Click on sata operation and take note of the current setting to the right it will probably be set to AHCI it will need to be switched back to this after MHDD is done running. Select ATA, compatibility or ide mode and then click apply. Save and exit the bios, or if apply was the only option you can use Ctrl+Alt+Delete to restart.

COMMON BOOT MENU/BIOS keys: https://support.fixmestick.com/hc/en-us/articles/201577043-How-to-get-to-your-Boot-Menu-or-your-BIOS-settings

 

Now with the burned disc in the drive after a restart, start tapping (F12 Dell, Toshiba, Lenovo), (F9 HP), or (Esc HP, Samsung, Sony) on the keyboard (or change your boot options to boot to cd/dvd first). This will bring up the boot options menu. Select cd/dvd/cd-rw drive and hit enter.

If this worked correctly and booted to mhdd you should see a screen that says Microsoft windows 98 startup menu. You can let the timer run out or just hit enter on option (2 . Start computer without SCSI support).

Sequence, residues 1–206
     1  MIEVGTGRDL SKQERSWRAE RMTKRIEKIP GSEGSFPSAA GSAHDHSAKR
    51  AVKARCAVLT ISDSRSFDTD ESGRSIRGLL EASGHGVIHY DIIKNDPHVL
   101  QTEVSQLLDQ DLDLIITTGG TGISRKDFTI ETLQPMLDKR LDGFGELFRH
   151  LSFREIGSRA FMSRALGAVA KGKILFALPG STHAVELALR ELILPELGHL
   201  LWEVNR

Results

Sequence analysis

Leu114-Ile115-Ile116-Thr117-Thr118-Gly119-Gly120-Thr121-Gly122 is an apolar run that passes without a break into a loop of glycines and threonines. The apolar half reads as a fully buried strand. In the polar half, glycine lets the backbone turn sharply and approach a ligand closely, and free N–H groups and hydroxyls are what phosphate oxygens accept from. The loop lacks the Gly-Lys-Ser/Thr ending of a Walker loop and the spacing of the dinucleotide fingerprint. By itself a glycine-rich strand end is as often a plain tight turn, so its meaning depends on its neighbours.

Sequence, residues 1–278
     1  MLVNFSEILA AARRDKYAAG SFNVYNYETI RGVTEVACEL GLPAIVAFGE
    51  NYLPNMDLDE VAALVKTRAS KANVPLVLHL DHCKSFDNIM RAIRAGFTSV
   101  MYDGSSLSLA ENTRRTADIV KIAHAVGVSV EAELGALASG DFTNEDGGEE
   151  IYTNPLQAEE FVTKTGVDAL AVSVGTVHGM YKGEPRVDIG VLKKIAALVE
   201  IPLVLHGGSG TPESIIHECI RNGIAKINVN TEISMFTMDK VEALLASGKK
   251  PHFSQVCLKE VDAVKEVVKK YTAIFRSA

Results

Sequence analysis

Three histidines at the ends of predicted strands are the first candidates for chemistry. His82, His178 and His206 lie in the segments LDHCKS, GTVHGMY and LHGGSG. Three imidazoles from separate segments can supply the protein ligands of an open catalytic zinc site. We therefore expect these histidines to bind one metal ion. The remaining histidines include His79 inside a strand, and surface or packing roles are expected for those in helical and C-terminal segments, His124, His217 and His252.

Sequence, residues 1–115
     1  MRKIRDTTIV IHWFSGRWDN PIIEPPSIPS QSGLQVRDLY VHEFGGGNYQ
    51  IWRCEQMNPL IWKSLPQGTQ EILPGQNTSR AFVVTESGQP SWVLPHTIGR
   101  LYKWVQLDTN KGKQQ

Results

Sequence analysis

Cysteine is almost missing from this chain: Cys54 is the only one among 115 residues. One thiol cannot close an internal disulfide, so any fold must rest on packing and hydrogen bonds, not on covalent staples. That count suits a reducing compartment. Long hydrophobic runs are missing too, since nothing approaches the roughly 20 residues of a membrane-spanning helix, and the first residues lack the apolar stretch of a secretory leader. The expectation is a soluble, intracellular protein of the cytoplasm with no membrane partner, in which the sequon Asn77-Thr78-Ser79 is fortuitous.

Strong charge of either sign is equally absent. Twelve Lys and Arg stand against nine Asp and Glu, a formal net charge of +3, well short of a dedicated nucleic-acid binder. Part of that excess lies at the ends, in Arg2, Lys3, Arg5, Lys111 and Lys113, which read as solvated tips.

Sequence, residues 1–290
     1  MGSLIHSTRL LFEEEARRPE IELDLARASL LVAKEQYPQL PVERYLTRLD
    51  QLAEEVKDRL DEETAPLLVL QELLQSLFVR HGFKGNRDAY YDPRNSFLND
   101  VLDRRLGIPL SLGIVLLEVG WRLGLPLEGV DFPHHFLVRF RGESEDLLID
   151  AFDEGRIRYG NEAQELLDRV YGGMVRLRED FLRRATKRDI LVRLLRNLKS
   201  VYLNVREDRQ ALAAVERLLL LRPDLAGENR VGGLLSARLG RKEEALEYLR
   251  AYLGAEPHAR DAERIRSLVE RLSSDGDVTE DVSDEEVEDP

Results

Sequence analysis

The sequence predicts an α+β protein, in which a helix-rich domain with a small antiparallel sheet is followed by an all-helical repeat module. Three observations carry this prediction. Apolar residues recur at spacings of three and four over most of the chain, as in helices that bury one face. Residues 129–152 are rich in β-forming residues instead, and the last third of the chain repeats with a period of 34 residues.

Now you should see a screen with numbers, most of these will not have any device listed behind them but one number should for example on my dell computer number 6 has WDC WD1600BEVT-75A23T0… and at the end a number in white which is the size of the drive.

Example: If your drive is a 500gb I would expect that number in white to be somewhere around 500,107,862,016 or close to. Find the correct drive to test then on the keyboard type the number in front of the drive (in my case it was 6) and then hit enter.

 

Now you should have a screen with MHDD> and a blinking cursor.

Now hit F4 on the keyboard 2 times and this will start scanning the hard drive.

You should be able to see the computer start scanning, each block represents 255 sectors (130560 bytes) on the hard drive. What we are looking for will show up on the right side of the screen.